Imagine a large city with a couple of million houses, each with one TV and cable service. The cable service, like our chromosomes, or perhaps a timeless version of our chromosomes, offers a vast array of information. A particular house, a particular TV, is set for only one channel. This house is like a skin cell, a white blood cell, or a neuron; or maybe this house is like our universe, while another house is another universe.

Our science knows a lot about how our cells communicate with and are affected by our chromosomes. The most difficult thing I have tried to imagine, the most difficult thought experiment, involves answering this key question: How can our universe communicate with and be affected by timeless chromosomes?

Everything, every process, we see in our universe, is time based. We are moving through time, from past to future. We are in constant motion. How can we communicate with a timeless world that just is? We cannot walk around this world because nothing changes – and walking implies change.

Part of the answer, I believe, is shape. A timeless gene has shape.

In our world, shape is important. Prion diseases – also known as transmissible spongiform encephalopathies (TSE's) are some of the most insidious maladies known to Man. These illnesses are progressive neurogenerative conditions that can afflict both animals and humans. The first TSE was identified in the 1730s. This was Scrapie, a disease affecting sheep and goats.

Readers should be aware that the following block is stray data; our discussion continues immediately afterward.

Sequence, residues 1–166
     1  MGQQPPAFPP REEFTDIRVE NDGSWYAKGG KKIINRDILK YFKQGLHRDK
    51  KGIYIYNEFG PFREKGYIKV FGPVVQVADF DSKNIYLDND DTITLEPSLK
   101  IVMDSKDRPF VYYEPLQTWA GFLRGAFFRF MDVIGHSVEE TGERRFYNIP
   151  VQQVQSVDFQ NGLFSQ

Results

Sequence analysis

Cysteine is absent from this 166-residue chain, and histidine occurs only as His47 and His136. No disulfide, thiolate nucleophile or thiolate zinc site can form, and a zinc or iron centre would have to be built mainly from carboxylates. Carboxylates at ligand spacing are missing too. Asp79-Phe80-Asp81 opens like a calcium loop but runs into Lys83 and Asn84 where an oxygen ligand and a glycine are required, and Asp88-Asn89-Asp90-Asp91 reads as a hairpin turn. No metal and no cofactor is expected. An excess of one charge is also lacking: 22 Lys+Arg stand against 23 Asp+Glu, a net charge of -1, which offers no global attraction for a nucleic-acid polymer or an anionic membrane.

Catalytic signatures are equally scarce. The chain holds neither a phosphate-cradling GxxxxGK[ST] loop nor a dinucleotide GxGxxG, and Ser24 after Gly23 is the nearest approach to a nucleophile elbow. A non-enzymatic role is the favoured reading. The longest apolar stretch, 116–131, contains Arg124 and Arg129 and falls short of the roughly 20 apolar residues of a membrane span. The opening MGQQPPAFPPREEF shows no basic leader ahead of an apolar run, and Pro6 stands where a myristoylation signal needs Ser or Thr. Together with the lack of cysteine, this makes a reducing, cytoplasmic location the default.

Scrapie is related to the more famous bovine spongiform encephalopathy – mad cows disease.

Humans can get a version of mad cows disease by eating contaminated meat. The disease is always fatal. Even well cooked meat is dangerous. The good news is prion diseases are extremely rare.

What do prion diseases have to do with shape? Here is a simplified explanation leaving out many steps.